This watercolor painting of a shed with strong morning shadows was a painting I had my students do recently. The reason I selected this for the class painting was because it gave my students a chance to practice how to capture the early morning light and the shadows that result from it. It was based on a photo I took of a friend’s old shearing shed. I had previously painted this exact scene in Pen and Ink and Brush and thought it would also work well with watercolor. I think watercolor is a wonderful medium for capturing light.
Reference photo for this watercolor painting
The basic steps for this watercolor painting are as follows: 1. Find a suitable subject that captures your interest. 2. Decide what you want your message to be. In my case it was the beautiful shadows falling on the foreground. 3. Make any needed design decisions. As I wanted my watercolor painting to focus on the shadows I increased the foreground area. I also decided to add some sheep as it is a painting ofÂ a shearing shed. 4. Paint the sky and ground under painting in one go. It is important to get the tones right with the lightest in the sky and those in the ground getting stronger towards the foreground. It is very important to let this stage of your watercolor painting fully dry before you continue.
5. Next comes the distant hills. Remember to keep them light to add depth to your painting.Â While these were a little wet I painted the distant foliage in the far right hand trees. I finished this foliage after the hill had dried so I could create some hard edges. 6. Next comes the main trees on the right hand side. Â If you are interested you can find out how to paint gum trees by reading another article on this website here: How to paint Australian eucalyptus trees. 7. When the trees are completed I then painted the sheds with a mixture of Cobalt Blue and Burnt Sienna watercolors. I used a thicker mix of French Ultramarine and Burnt Sienna for the dark areas of the main building e.g. under the roof, under the large awning on the right had side of the building, above and below the door, etc. Some dropped in Burnt Sienna gave the shed walls a look of some rust. 8. The watercolor painting is nearly finished at this stage. However before the shadows are put in I painted the rocks, sheep, and fence on the left. 9. The shadows finished the watercolor painting.Â For shadows I used a mix of French Ultramarine and Alizarin Crimson – this mix should lean towards the blue not the red.Â I also make sure I have more than enough paint to finish all the shadow areas without having to mix more. The shadow watercolor mix was applied to the building and the ground in one go. 10. The shadows are laid down very quickly and while they are wet I drop in some various dark greens. 11. Once the shadows are dry I finish my watercolor painting with the addition of some grass to help lead the eye into the painting. The above is a very brief and not complete breakdown of the steps taken for this watercolor painting. Hopefully it will be of use to my students as a review. I will try to produce a full step by step demonstration painting of it sometime.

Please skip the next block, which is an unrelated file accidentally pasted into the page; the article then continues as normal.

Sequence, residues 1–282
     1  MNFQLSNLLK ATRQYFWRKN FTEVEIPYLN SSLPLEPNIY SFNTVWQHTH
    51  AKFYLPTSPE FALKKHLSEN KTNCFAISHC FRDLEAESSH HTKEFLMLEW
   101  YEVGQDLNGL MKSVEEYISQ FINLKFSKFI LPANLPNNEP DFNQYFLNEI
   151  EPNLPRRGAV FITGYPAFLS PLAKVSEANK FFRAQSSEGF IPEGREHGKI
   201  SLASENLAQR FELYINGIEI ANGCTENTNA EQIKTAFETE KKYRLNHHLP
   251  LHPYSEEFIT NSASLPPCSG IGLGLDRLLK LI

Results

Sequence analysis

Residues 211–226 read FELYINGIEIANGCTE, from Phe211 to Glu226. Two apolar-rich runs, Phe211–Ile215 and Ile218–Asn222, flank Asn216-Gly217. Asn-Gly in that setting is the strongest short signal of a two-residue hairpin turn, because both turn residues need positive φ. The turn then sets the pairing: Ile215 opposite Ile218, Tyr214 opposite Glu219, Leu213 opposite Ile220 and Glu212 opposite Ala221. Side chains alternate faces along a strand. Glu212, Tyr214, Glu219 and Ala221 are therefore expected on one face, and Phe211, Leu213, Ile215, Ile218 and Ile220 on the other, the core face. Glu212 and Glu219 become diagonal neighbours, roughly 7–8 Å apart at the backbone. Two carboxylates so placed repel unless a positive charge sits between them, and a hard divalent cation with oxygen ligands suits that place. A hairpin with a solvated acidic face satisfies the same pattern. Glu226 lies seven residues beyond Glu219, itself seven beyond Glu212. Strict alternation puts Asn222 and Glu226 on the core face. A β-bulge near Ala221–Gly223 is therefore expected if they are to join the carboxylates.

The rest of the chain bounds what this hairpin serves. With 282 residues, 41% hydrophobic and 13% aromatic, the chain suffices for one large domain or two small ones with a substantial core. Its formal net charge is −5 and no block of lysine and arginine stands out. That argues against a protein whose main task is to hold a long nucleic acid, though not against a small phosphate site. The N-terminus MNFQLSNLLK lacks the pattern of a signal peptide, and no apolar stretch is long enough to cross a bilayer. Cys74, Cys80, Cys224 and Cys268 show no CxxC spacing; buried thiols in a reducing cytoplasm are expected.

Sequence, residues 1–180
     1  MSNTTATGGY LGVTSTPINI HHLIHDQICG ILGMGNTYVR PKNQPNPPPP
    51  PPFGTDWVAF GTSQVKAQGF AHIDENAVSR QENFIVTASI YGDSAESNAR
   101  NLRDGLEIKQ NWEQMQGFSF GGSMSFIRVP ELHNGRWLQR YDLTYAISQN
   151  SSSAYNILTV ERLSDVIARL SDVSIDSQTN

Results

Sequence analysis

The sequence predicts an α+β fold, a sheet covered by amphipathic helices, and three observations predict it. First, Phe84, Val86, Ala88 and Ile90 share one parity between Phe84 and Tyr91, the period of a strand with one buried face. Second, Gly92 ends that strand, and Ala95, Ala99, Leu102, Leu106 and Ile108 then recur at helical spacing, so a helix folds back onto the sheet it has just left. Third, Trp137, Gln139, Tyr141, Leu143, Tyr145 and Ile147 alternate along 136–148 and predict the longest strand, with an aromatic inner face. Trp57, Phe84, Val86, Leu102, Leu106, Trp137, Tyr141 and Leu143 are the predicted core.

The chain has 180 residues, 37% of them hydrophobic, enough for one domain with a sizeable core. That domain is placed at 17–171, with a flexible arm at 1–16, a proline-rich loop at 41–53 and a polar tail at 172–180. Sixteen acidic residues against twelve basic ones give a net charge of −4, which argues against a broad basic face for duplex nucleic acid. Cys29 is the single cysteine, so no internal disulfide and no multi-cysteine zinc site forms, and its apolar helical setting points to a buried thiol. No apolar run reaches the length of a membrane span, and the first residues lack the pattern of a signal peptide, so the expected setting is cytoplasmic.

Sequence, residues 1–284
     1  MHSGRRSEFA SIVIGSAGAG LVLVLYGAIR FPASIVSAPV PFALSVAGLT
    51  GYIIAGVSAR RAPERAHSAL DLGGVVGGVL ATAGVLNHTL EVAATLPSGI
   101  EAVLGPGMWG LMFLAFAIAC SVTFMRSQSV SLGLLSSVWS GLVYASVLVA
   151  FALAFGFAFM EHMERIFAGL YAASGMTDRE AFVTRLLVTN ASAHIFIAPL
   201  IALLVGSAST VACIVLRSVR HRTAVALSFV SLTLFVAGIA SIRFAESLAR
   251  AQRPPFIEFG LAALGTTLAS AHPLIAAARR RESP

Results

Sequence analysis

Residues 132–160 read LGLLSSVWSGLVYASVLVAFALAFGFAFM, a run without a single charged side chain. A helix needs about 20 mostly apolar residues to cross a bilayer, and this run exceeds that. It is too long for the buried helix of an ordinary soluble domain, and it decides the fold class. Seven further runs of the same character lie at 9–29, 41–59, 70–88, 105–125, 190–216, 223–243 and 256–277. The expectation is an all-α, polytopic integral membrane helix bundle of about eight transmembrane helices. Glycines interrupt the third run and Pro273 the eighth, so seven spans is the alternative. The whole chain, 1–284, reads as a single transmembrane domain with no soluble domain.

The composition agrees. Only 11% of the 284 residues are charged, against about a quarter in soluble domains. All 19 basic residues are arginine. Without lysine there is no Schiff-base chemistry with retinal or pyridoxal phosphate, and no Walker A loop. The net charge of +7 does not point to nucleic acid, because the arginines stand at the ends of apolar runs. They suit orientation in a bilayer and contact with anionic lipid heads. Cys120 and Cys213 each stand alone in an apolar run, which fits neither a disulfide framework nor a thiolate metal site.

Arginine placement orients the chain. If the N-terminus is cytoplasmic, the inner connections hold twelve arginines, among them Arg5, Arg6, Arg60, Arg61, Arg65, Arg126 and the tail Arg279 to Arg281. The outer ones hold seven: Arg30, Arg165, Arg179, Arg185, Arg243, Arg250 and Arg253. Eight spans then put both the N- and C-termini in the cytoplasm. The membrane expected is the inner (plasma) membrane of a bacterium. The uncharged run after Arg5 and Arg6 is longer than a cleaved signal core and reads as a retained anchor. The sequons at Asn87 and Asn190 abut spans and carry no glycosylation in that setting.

Finished watercolor painting of shed
You can see a pen and ink version of this watercolor painting in my Pen, Ink, and Watercolor Wash Gallery.